|Joined:||Fri, Aug 24th 2012, 18:56||Roles:||N/A||Moderates:||N/A|
|Forum Search Function only "Displaying 1-20 of " any result list.||May 26th, 20:53||1||233||on 26/5/14|
|ICOM IC-03AT belt clip screw||May 26th, 00:03||2||322||on 4/6/14|
|ICOM IC-03AT belt clip screw||K6PDG||on 4/6/14|
|My local ACE Hardware had some M3 x 0.5 x 4mm for $0.15 a piece. They seem to work OK. I hesitate because the remaining original screw is considerably shorter, like 1mm; just enough to clinch the case.
I'm looking for some star lock washers that will eat up some of that extra length and, maybe, make the clip more secure. ACE only had wavy washers starting at M4 diameter. The attendant suggested Locktite as his preference instead of a lock washer. We'll see if I can find the washer for clearance, if nothing else.
|Looking for my first call sign||N1HU||on 1/6/14|
has retired from the web and released the domain name.
According to archive.org, the last message displayed was, "Vanity HQ is closed. It's been a good 14 years. Thank you everyone for participating, sending bug reports and comments, and I especially thank all the elmer volunteers who have helped me over the years. It is time for me to move on. Regards to all. Michael - N4MC" on 2013/12/31.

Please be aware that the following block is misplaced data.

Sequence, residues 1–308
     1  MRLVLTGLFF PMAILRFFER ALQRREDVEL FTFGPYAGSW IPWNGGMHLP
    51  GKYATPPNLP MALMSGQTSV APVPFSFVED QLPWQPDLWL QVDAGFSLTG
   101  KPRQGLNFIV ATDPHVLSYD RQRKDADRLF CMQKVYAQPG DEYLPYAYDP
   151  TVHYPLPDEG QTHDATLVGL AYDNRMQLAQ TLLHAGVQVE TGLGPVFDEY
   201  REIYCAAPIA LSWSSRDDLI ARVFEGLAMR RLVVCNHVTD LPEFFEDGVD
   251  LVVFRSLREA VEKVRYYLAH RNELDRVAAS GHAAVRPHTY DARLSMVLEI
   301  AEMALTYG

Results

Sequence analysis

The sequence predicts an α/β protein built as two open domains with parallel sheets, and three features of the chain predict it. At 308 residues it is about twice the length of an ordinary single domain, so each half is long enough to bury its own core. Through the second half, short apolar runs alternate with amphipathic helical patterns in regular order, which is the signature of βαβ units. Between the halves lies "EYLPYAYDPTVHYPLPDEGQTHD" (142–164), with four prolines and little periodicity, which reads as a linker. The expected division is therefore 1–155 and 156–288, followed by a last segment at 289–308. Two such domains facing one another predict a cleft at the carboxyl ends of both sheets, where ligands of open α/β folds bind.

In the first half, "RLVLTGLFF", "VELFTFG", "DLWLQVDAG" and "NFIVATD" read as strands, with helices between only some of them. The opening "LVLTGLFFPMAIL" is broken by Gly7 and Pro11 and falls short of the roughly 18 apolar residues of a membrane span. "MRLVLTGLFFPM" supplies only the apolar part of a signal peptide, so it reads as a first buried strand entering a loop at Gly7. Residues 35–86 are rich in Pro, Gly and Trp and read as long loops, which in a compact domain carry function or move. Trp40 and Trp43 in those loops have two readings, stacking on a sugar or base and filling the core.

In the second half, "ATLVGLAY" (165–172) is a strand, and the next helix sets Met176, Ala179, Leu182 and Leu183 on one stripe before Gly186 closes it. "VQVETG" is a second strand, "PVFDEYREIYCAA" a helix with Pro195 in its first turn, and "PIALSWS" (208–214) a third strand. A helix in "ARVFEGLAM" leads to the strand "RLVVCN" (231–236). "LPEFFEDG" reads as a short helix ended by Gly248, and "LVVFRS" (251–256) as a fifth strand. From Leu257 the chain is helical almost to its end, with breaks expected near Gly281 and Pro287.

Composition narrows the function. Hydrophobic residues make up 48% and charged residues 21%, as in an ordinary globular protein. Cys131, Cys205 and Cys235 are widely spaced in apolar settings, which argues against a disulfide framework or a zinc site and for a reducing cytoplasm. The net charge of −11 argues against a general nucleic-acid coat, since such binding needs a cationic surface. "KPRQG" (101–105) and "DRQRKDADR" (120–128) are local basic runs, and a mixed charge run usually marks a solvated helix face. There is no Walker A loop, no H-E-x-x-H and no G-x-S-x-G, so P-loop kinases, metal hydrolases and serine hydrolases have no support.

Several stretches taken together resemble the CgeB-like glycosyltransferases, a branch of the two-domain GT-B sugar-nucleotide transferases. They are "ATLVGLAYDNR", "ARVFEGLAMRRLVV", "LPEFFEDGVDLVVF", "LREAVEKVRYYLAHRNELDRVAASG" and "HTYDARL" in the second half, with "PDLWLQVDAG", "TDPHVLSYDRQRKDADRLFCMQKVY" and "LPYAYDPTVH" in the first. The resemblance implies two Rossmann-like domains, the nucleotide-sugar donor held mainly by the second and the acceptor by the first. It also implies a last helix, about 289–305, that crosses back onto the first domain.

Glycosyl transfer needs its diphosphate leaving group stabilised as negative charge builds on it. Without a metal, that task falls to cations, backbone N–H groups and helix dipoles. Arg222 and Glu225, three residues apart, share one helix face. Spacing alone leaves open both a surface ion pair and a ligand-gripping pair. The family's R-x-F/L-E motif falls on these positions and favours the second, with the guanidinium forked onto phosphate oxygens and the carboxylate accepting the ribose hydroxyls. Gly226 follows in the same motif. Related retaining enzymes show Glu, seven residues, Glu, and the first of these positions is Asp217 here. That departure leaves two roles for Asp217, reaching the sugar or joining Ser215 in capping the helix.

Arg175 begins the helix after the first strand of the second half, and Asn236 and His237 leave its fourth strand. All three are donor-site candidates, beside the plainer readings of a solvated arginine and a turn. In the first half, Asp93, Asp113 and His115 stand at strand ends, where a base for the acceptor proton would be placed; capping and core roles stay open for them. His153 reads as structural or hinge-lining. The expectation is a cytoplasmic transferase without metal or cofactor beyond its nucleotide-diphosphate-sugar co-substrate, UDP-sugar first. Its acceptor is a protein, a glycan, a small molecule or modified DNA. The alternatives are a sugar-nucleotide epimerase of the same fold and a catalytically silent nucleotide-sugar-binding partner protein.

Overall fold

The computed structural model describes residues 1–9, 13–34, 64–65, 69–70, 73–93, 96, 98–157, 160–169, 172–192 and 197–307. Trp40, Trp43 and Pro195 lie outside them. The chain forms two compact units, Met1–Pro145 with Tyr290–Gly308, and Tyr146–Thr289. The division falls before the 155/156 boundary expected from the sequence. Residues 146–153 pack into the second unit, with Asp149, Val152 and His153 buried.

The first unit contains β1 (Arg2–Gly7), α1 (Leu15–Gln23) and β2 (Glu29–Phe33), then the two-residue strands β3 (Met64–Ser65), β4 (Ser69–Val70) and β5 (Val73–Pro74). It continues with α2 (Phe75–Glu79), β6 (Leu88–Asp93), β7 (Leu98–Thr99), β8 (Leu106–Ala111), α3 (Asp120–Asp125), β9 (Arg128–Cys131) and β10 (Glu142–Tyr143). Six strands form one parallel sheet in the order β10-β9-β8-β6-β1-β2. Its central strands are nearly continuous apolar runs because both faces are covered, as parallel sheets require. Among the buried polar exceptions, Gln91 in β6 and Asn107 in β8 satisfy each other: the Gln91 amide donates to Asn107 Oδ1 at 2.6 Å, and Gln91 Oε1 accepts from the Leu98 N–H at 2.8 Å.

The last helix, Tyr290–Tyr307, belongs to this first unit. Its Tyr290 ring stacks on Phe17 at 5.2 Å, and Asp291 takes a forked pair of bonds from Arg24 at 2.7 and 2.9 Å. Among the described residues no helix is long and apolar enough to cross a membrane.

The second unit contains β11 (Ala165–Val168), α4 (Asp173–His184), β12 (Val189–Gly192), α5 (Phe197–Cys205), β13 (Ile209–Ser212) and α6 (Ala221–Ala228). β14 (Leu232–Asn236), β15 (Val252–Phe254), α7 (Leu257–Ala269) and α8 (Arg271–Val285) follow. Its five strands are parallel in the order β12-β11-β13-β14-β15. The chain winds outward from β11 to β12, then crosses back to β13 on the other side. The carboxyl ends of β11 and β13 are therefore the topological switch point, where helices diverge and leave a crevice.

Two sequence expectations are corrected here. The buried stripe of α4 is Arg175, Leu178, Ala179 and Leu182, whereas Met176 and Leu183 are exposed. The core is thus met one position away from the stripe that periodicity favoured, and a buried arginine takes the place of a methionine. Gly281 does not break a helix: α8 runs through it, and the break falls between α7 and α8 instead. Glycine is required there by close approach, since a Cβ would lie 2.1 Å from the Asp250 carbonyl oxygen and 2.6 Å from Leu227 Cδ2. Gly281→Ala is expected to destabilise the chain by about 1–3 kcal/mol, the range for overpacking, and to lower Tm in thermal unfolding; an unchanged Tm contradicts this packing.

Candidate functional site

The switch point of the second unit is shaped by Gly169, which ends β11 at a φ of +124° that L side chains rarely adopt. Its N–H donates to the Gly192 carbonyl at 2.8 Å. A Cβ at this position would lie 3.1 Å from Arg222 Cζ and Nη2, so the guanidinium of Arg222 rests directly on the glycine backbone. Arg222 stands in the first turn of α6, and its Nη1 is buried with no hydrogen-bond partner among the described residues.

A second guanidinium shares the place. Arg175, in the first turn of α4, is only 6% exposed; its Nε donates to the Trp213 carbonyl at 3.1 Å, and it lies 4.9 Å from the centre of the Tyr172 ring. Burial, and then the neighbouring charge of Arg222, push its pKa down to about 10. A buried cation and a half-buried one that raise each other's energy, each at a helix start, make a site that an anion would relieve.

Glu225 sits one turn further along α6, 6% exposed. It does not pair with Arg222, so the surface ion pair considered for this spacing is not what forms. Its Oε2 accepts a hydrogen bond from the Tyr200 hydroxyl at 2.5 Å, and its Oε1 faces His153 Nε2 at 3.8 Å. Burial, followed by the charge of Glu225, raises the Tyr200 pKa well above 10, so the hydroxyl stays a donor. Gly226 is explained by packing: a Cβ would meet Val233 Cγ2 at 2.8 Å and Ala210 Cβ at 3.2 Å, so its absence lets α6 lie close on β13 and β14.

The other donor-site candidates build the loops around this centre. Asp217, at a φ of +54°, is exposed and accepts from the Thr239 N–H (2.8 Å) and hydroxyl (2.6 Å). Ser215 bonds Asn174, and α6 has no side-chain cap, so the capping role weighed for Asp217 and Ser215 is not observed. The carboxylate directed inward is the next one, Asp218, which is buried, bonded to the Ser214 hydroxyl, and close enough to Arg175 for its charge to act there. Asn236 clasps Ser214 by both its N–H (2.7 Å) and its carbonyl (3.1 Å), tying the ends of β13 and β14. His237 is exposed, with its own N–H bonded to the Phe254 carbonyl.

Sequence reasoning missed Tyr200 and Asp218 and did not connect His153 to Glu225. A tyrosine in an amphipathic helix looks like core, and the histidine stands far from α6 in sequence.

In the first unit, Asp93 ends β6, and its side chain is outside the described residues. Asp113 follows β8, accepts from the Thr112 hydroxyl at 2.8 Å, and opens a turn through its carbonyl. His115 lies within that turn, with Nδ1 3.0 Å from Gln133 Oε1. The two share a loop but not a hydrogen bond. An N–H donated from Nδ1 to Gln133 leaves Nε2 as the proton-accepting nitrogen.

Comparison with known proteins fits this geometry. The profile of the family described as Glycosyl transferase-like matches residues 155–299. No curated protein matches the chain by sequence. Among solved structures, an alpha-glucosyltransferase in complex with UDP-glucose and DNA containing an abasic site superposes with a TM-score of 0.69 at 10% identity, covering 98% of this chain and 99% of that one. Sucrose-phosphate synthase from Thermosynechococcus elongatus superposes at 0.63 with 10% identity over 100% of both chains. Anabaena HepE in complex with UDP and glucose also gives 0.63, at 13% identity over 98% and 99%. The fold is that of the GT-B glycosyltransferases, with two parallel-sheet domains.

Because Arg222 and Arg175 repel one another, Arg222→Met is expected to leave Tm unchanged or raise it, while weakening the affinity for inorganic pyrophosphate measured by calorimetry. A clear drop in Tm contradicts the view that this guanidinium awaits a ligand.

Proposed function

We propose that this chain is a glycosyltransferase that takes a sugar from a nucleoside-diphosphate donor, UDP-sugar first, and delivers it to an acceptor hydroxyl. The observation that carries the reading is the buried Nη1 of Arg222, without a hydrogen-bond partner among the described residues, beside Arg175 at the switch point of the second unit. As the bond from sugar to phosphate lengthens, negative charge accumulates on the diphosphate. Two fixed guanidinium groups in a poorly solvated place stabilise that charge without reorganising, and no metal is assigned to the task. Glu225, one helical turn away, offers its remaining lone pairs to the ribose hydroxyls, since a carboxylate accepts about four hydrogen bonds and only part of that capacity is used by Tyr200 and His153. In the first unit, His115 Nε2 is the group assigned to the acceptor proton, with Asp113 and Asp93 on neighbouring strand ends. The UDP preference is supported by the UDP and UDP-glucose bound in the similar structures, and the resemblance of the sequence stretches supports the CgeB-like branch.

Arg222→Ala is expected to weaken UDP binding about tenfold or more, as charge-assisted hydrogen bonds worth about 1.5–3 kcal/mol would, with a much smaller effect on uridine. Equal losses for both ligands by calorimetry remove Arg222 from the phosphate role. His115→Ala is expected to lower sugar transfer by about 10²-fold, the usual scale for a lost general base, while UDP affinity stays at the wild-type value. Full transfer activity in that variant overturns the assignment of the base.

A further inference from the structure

Through most of 2013 a red banner was displayed, "The Ham Locator is broken. Repair time is unknown."
The last time archive.org captured what appears to be a fully functional page was 2012/02/25.
|Is it legal for a no code tech to operate SSB Phone 10 M?||N8PIO||on 27/5/14|
That chart appears to have moved to http://www.arrl.org/files/file/Regulatory/Band%20Chart/Hambands_color.pdf and can be printed in several color schemes or ordered from http://www.arrl.org/graphical-frequency-allocations
|Simple Message Handling||KE6NZB||on 27/5/14|
You'll notice that http://www.w9tca.com/w9tca/emcomm-tips refers to the ARRL's EC-001 manual, The ARRL Introduction to Emergency Communication Course.
|Digital QST Survey||KE1CY||on 27/5/14|
To a retired professional programmer, such as myself, who tried to answer this question for my Engineering Department customers, this is the key question for any data that is valuable to a community.
The ARRL just celebrated its Centennial. Is any of the technical information available in any of the past issues of QST totally obsolete? Or do they, at least, provide an educational opportunity for new participants in the Amateur Service? We know how to conserve paper documents. Publishers of community knowledge need to judge data formats in light of the need of future generations.